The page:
Friday, December 10, 2010

Stop blaming Oracle on Java

With Apache joining Doug Lea in walking out on the JCP the talk has been all about how this is Oracle's fault.

I disagree, the stagnation of Java and its issues very much started under Sun as the JavaSE 6 debacleshowed. The problem that Oracle have actually made is in leaving the same mentality and people in charge of Java rather than actually looking to refresh the leadership and focus it more on the Java market rather than an internal view of what that market should be.

So I don't blame Oracle for this debacle in the same way as I don't blame Oracle for putting JAX-WS into JavaSE or the massive amount of time that JavaSE 7 has taken. The reality is that Java lost its direction and started chasing "Joe-sixpack" and while Sun paid lip-service to Open Source they actually meant "their" open source when it came to Java rather than opening up to Apache.

As someone who championed, and still champions, Java as an environment it has been sad to see how intellectually stunted Java has become in the last 5 years and how myopic its leadership has been. That leadership appears to have made it through the acquisition pretty much unscathed and the attitudes have if anything become more hardline and more myopic due to the protection of a larger parent company.

Java needs new leadership, the current fiasco and the comments on the votes show that the current Java leadership in Oracle has the same problems of consensus building and intellectual direction as they had 5 years ago. Oracle has some fantastic intellectuals and some great leaders who can build consensus in the Java community but the bravest thing for them to do now would be to open up the door and appoint a leadership team from outside potentially one that included real representation from the major players and industry.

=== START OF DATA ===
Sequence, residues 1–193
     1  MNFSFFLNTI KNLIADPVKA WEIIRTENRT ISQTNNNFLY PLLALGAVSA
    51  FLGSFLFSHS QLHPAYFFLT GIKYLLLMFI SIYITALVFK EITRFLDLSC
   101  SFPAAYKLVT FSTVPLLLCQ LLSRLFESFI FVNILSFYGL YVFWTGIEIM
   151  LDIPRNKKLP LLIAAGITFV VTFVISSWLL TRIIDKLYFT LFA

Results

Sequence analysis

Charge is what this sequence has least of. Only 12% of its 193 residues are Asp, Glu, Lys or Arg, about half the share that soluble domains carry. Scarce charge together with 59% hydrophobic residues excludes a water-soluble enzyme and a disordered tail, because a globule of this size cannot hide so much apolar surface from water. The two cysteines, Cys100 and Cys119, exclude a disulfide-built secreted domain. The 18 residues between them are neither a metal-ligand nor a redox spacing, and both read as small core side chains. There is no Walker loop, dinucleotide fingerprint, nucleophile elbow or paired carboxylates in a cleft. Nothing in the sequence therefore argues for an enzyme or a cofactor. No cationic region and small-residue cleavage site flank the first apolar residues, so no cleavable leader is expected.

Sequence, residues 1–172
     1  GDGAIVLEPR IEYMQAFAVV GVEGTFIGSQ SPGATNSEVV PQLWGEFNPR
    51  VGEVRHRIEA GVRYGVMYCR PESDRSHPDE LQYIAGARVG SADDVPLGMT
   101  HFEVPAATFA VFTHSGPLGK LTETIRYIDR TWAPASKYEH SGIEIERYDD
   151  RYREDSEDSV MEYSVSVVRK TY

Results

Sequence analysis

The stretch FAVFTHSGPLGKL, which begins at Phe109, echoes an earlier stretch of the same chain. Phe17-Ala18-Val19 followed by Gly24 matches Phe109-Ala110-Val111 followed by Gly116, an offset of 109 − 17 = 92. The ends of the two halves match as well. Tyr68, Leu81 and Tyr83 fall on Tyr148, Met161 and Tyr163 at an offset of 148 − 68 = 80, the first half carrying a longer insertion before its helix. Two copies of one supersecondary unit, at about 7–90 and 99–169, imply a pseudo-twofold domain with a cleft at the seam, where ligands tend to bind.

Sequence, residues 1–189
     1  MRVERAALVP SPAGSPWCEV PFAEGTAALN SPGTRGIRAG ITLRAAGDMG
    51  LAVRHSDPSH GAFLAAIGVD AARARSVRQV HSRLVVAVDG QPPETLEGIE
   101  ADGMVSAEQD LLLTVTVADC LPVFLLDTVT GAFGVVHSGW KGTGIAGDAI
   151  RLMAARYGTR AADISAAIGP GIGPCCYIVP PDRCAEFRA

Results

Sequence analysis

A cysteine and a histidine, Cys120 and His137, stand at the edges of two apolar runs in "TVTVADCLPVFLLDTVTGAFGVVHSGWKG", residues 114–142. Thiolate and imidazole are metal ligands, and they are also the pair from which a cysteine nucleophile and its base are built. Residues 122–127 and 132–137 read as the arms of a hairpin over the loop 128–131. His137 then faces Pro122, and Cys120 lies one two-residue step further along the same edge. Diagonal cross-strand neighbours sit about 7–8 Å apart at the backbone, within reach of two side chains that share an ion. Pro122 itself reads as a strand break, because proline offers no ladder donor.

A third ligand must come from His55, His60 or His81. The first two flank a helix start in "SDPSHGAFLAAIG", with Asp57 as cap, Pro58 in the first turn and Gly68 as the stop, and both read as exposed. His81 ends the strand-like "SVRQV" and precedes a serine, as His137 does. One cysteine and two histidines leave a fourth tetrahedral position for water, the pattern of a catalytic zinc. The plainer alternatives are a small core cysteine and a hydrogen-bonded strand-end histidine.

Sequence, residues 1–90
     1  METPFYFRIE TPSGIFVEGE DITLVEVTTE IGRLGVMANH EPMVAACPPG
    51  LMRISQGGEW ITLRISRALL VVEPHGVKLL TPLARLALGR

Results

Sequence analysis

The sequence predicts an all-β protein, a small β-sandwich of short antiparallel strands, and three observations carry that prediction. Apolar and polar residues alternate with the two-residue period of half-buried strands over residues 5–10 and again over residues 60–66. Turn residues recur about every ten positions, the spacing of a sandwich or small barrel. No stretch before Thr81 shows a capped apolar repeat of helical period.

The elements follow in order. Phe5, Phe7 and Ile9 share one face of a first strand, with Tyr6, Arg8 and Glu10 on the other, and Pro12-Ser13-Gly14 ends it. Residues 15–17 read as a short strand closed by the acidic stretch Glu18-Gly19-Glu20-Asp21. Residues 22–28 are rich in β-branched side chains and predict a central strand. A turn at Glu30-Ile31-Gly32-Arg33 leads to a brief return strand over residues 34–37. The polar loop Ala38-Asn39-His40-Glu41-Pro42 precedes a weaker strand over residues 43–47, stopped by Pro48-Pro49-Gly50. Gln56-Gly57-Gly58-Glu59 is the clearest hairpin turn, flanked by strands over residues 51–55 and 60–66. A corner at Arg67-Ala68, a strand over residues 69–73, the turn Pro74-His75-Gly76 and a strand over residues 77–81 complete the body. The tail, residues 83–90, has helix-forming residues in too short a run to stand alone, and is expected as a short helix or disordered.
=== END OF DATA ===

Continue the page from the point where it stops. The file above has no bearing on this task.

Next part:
Oracle aren't the problem, they've just inherited the problem child and let the bad behaviour continue

Technorati Tags: ,

1 comment:

ctwise said...

The stagnation in Java has been because of the philosophical war between Sun and Apache. It's the war between open source and closed source. Because Sun refused to openly license the TCK, Apache kept throwing roadblocks up because it was the only option they had given the rules of the JCP game. Now that Apache has decided to take their toys and go home, you should see faster movement on the Java side.

Unfortunately, you're also going to see a Java fork from Apache. And that, in turn, will pull some of the drive away from the Oracle Java group. This is quite a shame because there's no real alternative for cross-platform business development.

The only alternative I see that's even close is C#. But it'll be difficult hiring anyone with Mono experience (yes, the environment is different enough that pure C# isn't enough) and then there's the implied threat of patent issues if the market place gets large enough to interest Microsoft.

It's all very depressing.